The South Dakota Board of Regents recently approved a new degree program for South Dakota State University that is only offered comparably in four institutions nationwide: natural resource law enforcement.
Paul Turman, vice president of academic affairs for the SDBOR, said this degree will have a huge effect within South Dakota in the next decade.
“Hunting and fishing … isn’t going anywhere in South Dakota. We need to expand Game, Fish and Parks,” Turman said. “In the next five years, the number of employees with this skill set will increase by five percent.”
Turman also discussed the ease for students currently majoring in other, similar fields to shift into natural resource law enforcement.
“For students who might have been studying wildlife management, resource management or criminal justice, coursework from those courses will fit into the new degree program. Sophomores, juniors or seniors can realign their path to get enrolled into this major as soon as they want, ” Turman said.
The natural resource law enforcement degree will build a firm foundation for students in environmental policy, natural resource management, criminal justice and conservation biology. Students enrolled in the degree program may also benefit if they double major in wildlife and fisheries.
Before seeking approval from the SDBOR, institutions make proposals based on feedback from industry representatives and from students. SDSU found that students studying resource management and criminal justice needed accommodation of the resource management skill set.
Turman said the SDBOR will not take credit for the implementation of this new degree. He gives all the credit to the Department of Natural Resource Management and the Department of Rural and Sociological Studies at SDSU.
Troy Grovenburg, assistant professor of the Department of Natural Resource Management at SDSU, said the process of creating this degree began two years ago.
“We began working with South Dakota Department of Game, Fish and Parks (SDGFP) and the U.S. Fish and Wildlife Service (USFWS) approximately two years ago on the idea of a conservation officer degree,” Grovenburg said.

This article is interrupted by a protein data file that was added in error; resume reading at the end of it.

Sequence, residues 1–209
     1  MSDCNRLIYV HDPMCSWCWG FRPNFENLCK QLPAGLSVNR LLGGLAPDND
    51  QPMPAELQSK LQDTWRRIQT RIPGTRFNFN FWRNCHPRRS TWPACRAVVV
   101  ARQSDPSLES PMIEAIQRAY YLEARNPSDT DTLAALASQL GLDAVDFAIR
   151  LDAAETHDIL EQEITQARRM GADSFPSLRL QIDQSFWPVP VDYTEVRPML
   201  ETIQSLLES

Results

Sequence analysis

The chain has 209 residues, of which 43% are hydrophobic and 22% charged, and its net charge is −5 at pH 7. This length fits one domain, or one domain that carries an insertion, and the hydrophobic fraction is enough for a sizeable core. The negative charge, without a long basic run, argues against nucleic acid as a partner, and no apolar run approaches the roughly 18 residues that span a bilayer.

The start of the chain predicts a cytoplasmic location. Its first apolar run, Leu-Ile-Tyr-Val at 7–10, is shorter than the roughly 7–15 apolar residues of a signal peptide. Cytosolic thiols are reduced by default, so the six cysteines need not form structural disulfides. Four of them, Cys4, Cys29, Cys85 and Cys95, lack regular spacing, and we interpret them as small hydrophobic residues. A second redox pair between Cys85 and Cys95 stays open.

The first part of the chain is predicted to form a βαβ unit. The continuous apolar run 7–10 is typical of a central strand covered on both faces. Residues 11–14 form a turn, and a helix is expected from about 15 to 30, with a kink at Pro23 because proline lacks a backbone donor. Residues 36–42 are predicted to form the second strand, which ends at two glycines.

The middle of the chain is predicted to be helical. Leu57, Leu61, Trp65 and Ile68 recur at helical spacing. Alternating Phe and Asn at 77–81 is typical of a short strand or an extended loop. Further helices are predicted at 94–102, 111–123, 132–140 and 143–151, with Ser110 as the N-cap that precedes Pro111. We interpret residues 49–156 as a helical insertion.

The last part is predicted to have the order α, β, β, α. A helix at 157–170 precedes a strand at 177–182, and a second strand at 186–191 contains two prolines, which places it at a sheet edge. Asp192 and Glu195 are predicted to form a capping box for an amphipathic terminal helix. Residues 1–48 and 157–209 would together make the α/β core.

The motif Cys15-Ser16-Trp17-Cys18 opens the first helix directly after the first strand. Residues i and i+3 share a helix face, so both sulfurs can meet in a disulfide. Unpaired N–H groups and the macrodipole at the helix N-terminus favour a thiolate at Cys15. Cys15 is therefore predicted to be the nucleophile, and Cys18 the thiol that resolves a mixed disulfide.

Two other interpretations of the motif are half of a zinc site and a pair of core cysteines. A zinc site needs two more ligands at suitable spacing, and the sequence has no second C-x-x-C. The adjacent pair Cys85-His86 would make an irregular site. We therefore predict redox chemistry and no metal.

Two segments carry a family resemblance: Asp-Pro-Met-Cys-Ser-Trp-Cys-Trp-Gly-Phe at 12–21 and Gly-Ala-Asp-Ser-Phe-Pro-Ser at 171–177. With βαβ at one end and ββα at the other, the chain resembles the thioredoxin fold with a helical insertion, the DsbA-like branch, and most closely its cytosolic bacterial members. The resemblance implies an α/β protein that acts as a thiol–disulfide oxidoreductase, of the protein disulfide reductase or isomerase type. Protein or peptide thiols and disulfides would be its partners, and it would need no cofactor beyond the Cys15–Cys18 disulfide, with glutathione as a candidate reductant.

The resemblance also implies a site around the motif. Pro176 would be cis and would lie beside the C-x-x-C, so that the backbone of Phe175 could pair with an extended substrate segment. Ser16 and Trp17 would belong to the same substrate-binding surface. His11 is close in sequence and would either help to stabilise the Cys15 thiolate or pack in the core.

Both agencies expressed a need for qualified candidates in the natural resource law enforcement field and for students to have natural resources, law and sociology coursework. Grovenburg said the number of students enrolled in the new program exceeded his expectations.
“We currently have 25 incoming freshmen enrolled in the natural resource law enforcement program (some are double majoring with wildlife and fisheries) and we have seen more current students making the switch than we had thought,” Grovenburg said.
Kendyll Jones, a sophomore, made the change from a major in wildlife & fisheries sciences to natural resource law enforcement. She said a South Dakota Game, Fish & Parks conservation officer she shadows encouraged her to make the switch.
“He recommended it due to the fact that this new major will be highly sought after by employers in the next few years,” Jones said. “This new major is specially designed in order to help educate on both a criminal justice and conservation level.”
Jones plans to take the knowledge she gains from the criminal justice classes designed specifically for natural resource law enforcement and all of the wildlife classes into action upon her graduation in 2018.
“I have always been passionate about protecting and preserving natural resources and intend on becoming a conservation officer once I graduate from SDSU,” Jones said.
The natural resource law enforcement degree was created in coordination with state and federal agencies. Job opportunities for students with this degree include conservation officer, park ranger, federal enforcement agent, refuge manager and game warden.
SDSU also received approval from the SDBOR to develop plans on a first-of-its-kind precision agriculture degree and will seek official approval once the planning is complete.